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Bridging the Teen divide


What’s the biggest generalization I hear from teens: “my parents just don’t understand me”. So how do we keep up with our teens? Bridge the gap between them and us? That is the billion-dollar question!

I am privileged (well, that’s what I call it – others may disagree) to work with, hang out with, question, prod and challenge groups of hundreds of teens a year in life skills and self-development workshops. These teens come from a variety of backgrounds from privileged to struggling, gifted to those with learning challenges, some from within the youth justice system to those that have never put a foot out of line. The resounding similarity amongst them is they all agree that the relationship with their parents is full of confusion and often lack of understanding or appreciation of each other’s point of view.

If I could give every parent out there just one bit of advice I’d say this: Stop! And listen! I know, I know, some teenagers don’t do a whole

bunch more than grunt and humpf, but I don’t really mean listen to the words they (do or don’t) use, I mean listen to them, for who they are. The old adage of “I was once a teenager, I know what you mean” is so far from the truth. We may know what it was like for us, but there is no possible way to know what it is like for them and their experience of their world. As parents, our major role in parenting a teen (yes, I used an verb there. ‘Parenting’ – it’s a doing thing) is to become a teen-ologist, witness their culture and strive to understand it. We don’t need to become part of a culture to understand it, we can watch and listen and learn. The key is to stop thinking that we know. What if your life depended on gaining an understanding of teenagers? How would you listen then? The reality is, your teen will really only be with you for a few more years, once they are a fully fledged adult, your job is pretty much done, so put in the time now while you can.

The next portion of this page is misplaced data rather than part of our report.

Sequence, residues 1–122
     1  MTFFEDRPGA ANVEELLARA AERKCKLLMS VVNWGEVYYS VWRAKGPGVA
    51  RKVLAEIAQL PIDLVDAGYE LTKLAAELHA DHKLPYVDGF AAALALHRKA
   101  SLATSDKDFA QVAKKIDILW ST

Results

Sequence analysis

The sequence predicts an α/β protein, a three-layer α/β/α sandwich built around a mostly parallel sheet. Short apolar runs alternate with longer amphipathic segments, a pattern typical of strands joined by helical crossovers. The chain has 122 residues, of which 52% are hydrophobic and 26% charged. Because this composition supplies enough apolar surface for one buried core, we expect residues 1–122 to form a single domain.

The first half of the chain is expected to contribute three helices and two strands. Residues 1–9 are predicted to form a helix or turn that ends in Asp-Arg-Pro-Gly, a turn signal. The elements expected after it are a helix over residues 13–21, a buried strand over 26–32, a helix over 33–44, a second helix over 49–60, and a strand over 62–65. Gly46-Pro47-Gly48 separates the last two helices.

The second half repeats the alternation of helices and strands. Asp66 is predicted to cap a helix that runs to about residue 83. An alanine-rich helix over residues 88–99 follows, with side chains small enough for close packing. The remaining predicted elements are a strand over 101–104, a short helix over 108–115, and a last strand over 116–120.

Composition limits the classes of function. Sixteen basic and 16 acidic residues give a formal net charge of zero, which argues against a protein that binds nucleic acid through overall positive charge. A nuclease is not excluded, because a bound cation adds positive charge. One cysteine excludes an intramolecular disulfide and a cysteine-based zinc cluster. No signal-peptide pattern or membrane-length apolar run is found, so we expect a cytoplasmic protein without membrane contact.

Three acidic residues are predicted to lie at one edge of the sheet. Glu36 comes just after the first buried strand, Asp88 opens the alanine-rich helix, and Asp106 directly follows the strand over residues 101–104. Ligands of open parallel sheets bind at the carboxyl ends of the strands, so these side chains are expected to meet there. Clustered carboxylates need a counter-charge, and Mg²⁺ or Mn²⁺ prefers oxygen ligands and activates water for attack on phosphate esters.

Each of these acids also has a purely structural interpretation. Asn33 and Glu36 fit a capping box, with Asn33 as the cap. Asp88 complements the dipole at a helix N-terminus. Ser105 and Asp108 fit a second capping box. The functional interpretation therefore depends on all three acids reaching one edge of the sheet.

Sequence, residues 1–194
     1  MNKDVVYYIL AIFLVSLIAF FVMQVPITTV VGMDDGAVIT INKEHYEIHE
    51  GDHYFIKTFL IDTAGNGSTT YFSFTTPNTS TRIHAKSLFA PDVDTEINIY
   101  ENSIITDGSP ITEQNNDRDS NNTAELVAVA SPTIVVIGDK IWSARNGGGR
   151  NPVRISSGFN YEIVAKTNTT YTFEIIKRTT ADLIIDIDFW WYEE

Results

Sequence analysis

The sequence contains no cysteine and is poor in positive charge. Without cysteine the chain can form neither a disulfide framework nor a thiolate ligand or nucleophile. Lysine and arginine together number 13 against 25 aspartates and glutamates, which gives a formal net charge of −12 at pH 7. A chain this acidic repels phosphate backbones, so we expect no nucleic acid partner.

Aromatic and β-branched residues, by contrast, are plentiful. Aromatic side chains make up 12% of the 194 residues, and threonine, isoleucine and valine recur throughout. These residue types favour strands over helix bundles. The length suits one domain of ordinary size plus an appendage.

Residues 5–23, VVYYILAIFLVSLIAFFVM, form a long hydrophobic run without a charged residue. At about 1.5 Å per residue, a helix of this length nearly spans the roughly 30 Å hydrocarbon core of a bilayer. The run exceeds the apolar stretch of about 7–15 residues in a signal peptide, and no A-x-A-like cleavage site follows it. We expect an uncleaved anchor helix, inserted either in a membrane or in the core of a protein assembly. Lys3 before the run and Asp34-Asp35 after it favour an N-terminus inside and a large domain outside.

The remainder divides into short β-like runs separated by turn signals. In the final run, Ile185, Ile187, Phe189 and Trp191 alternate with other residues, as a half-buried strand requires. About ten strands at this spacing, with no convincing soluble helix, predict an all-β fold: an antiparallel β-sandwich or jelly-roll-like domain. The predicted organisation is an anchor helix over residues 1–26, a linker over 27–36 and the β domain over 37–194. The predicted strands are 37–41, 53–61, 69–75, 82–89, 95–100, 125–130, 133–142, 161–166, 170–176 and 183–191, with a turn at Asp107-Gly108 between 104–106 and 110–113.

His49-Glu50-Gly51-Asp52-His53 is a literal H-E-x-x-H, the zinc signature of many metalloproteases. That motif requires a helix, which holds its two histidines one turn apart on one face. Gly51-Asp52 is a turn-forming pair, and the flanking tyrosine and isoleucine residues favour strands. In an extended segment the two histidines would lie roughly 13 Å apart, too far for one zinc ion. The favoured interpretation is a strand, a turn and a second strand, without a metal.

If you, like many parents I speak with wonder how you could possibly learn about teen culture, my number one hint to you is to build a community of parents around your teens. Do you know the parents of your teenager’s friends? Knowing whom they hang out with is one thing, but if you don’t know the adults behind those teens, then you

may be missing out on some understanding and support. Many teens will talk openly about their lives when they aren’t in front of their own parents. When we have other kids around to our house, I often hear them chatting about which boy is cute or which girl got in to trouble for what at school. As a member of the parent community, I then chat with other parents and we compare notes. I’m ok with the fact that my kids may not always want to tell me what is happening in their lives because at the end of the day, I’ll hear about it through my friends and I can in turn support my kids. The best way to think about it is to imagine a building built out of teenagers, supported by strong foundations of parents. A bunch of teens will be much better supported by a bigger bunch of parents.

Lastly, as my mum often says to me “don’t worry; they won’t still be doing that at 25”. Relax and laugh a little, they’ll have kids of their own one day – then they’ll understand.

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